blank_pageThe research also indicates that their children (aged 11-15) are happier, have greater self-esteem and enjoy better relationships with their mothers. It also shows large and significant declines in truanting, smoking and in the intention to leave school at the age of 16 among the same age group.
The research by Professor Paul Gregg and colleagues, which looks at the impact of government support for families with children from 1999 to 2009, is published in the current issue of Research in Public Policy.
Reforms introduced in 1999, notably The Working Families Tax Credit and The New Deal for Lone Parents, sought to improve work incentives for single parents and previous research has shown that these reforms were effective in raising employment among single parents by four to five percentage points over five years, equivalent to an additional 65-80,000 single parents in work.
This research looks at other benefits and finds that the reforms eased the transition into single parenthood when a relationship broke up. It shows a significant increase in the proportion of women staying in employment after becoming single and improvements in their financial circumstances and mental health.
Single parents have long been identified as a group with relatively poor mental health compared with mothers in relationships but the data show a significant improvement in mental health among single parents after the reforms when compared with both single women with no children and mothers in relationships. Further analysis reveals that most of the negative impact of being a single parent – and the subsequent improvement after the reforms – is concentrated around the point of break-up.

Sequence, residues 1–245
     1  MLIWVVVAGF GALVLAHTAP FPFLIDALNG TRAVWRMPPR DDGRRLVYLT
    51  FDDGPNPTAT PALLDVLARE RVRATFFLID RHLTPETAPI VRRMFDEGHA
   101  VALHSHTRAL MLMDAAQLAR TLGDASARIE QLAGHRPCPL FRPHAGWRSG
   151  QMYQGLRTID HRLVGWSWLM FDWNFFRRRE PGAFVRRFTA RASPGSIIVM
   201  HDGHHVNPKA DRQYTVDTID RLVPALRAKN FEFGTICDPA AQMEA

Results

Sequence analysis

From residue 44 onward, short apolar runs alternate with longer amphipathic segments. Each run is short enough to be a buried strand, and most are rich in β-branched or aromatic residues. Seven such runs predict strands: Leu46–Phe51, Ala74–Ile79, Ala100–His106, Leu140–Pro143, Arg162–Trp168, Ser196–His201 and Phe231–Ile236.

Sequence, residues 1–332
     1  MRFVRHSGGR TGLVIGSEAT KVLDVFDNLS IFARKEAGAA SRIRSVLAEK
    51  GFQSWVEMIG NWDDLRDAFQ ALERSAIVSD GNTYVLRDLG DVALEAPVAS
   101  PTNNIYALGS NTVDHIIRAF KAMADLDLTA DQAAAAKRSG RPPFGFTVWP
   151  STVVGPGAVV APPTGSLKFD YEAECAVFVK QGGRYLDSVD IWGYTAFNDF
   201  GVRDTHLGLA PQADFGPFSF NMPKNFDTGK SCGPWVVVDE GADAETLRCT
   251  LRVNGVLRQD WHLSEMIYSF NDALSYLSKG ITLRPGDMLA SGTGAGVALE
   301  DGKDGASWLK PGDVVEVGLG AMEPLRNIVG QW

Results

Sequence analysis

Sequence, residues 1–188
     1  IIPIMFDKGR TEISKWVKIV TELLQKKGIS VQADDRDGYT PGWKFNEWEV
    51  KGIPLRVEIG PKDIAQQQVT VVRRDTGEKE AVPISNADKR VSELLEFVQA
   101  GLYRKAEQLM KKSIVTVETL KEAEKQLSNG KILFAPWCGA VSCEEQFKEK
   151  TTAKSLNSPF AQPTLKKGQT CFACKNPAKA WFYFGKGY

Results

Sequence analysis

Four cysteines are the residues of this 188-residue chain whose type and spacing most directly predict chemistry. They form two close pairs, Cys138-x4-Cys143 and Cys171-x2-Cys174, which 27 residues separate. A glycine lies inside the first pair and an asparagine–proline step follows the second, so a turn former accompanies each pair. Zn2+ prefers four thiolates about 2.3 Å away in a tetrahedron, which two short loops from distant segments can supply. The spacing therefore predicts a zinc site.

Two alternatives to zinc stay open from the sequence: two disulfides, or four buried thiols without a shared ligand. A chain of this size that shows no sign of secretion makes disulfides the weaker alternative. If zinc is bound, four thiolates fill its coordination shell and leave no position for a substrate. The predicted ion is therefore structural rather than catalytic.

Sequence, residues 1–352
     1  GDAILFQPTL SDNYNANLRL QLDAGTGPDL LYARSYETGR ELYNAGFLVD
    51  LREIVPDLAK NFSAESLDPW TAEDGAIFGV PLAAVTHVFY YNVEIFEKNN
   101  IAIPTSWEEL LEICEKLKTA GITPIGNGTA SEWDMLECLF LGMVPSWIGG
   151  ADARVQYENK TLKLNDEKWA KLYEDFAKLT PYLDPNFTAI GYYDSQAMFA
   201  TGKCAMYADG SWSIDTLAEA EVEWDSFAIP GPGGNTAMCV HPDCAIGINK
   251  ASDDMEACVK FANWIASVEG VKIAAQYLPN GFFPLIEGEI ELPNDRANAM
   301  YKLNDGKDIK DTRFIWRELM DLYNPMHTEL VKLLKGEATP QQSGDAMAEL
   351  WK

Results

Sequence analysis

There is also evidence of improved levels of mental health in the year prior to separation. This could be explained either by an improvement in employment and financial circumstances among those who go on to become single parents, or by people leaving relationships at a less unhappy (earlier) point.
The positive effects on their children show that the effects are typically far greater for boys than for girls. Two other factors are important to young people’s esteem: maternal employment and depression. To the extent that policy reforms have raised maternal employment, young people’s outcomes will have improved.
Speaking about the findings, Professor Gregg said:
‘The magnitude of the changes arising from the reforms is significant. Half of the gap in self-esteem and unhappiness scores and in truanting, smoking and planning to leave school at age 16 are eliminated among 11-15-year-olds after the policy reforms. This strongly suggests that the increases in incomes and employment associated with the reforms have profoundly changed the quality of life of children in single-parent families.’
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- Over the period 1999-2003, government spending on benefits for children rose by more than 50 per cent in real terms, the greatest increase in 30 years. The increases were targeted at low-income families, the majority of whom were single parents.
- In 1998 single-parent families had risen to 22 per cent but comprised 55 per cent of families with children in poverty. Whereas employment among women in a relationship with children had steadily increased, especially for those with young children, the employment rate for single mothers was lower in the early 1990s than it was in the late 1970s.
- In 1995, the employment rate for single mothers was 42 per cent, 24 percentage points lower than the employment rate for married mothers, and far below the employment rates for single mothers in most other OECD (Organisation for Economic Co-operation and Development) countries.
- Welfare reform: outcomes for lone mothers and their children by Professor Paul Gregg (University of Bristol), Dr Susan Harkness (University of Bath) and Sarah Smith (University of Bristol) is published in the current issue of Research in Public Policy.